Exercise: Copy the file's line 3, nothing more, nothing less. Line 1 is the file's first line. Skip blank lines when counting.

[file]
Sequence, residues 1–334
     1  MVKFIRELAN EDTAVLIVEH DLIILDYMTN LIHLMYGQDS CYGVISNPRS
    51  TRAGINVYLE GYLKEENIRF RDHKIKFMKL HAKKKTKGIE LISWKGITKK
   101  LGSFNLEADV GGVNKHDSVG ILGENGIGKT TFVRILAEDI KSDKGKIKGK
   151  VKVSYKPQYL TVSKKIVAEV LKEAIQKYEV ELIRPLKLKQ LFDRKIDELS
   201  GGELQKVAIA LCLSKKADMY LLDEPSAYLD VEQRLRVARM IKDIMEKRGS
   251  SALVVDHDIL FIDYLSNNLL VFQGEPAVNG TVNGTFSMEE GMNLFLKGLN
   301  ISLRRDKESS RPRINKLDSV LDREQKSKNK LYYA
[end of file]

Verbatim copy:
    51  TRAGINVYLE GYLKEENIRF RDHKIKFMKL HAKKKTKGIE LISWKGITKK